- Modeling Studies at the Global Scale: Dr. Lawrence takes the three options for land use: agriculture, biofuels, and forest conservation to explore the impact of various land allocation across the globe. For example, is the likelihood of success of agriculture going to affect the likelihood of success in conservation? With an international, interdisciplinary team of scholars including anthropologists, ethicists, and economists, Dr. Lawrence addresses the impacts of these changes on human well-being, beyond the availability of fresh water and adequate food, asking whether humanity is morally impoverished by the climate and ecosystem changes caused by our land use decisions. With lawyers, policymakers, ethicists and engineers, Dr. Lawrence considers how we might push for more optimal land use allocation. She uses global climate models and global databases to explore scenarios, and engages scholars who have never looked at the outputs of global climate models. From Indonesia, Mexico, Costa Rica and now onto East Africa, Dr. Lawrence works directly with policymakers to help them make scientific and humanitarian choices, bridging the divide between the natural and social sciences and the humanities.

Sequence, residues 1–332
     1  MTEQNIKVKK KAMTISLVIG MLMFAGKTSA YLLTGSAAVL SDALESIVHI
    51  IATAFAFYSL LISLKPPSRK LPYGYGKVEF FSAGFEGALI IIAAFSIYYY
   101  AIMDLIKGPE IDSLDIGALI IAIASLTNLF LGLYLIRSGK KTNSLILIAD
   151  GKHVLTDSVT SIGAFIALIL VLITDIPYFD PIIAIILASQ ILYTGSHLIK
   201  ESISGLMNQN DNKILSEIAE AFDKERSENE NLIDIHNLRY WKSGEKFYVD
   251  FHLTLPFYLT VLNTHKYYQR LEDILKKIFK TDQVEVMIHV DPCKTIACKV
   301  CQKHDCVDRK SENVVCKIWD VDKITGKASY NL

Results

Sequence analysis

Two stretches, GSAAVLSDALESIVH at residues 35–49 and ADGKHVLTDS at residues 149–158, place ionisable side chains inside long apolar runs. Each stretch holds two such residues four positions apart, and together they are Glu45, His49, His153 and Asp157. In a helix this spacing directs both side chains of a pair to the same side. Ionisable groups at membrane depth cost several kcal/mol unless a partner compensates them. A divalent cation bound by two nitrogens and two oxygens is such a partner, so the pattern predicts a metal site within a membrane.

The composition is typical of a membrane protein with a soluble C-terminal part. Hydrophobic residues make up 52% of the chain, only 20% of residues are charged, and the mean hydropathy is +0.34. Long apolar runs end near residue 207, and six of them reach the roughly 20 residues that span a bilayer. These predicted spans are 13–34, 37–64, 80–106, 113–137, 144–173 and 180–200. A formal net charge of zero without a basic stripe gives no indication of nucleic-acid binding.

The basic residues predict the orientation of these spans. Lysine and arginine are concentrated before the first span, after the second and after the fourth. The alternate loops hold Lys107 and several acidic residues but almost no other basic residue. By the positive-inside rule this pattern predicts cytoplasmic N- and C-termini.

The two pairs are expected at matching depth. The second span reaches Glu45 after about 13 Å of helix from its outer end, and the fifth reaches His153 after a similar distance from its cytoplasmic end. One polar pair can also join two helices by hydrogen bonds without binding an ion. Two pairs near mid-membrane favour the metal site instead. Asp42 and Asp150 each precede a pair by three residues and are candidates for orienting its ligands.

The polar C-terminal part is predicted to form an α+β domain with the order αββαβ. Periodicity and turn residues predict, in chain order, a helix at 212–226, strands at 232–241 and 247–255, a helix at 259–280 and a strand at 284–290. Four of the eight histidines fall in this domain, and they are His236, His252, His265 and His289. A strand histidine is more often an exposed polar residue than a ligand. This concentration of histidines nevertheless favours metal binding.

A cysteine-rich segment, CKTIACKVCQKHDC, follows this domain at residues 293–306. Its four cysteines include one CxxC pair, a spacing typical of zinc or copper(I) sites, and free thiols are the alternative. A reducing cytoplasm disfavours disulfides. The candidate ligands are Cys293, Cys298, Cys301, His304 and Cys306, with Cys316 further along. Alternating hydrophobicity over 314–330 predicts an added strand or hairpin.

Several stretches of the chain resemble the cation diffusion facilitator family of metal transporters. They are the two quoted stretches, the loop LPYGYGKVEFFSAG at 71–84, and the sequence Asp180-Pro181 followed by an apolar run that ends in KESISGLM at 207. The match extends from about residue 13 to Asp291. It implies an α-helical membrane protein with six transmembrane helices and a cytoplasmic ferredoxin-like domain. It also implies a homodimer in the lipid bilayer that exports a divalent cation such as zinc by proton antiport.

- Field-based Measurement: How much does tropical deforestation contribute to the anthropogenic greenhouse effect?, and how does deforestation alter the movement of water, winds and the energy balance of the planet? By using instruments, or towers, on the ground, Dr. Lawrence can examine and measure the differences in the movement of water, or changes in energy balances. Ultimately, Dr. Lawrence hopes to understand, from the ground, what happens on the land and in the atmosphere above it when we change its use. Field-based measurements will then validate the models, and improve the way decisions are made and influenced.
- Remote Sensing: The latest satellite technology from NASA provides a way to take ground measurements and link them to observations from space to determine the effects of land use across large swathes of land that would be impossible to sample on the ground. By comparing satellite data that shows a birds-eye view of the land with field measurements, Dr. Lawrence and her team are able to confirm that what they are seeing from space actually means something on the ground so that they can make better use of data to validate the model.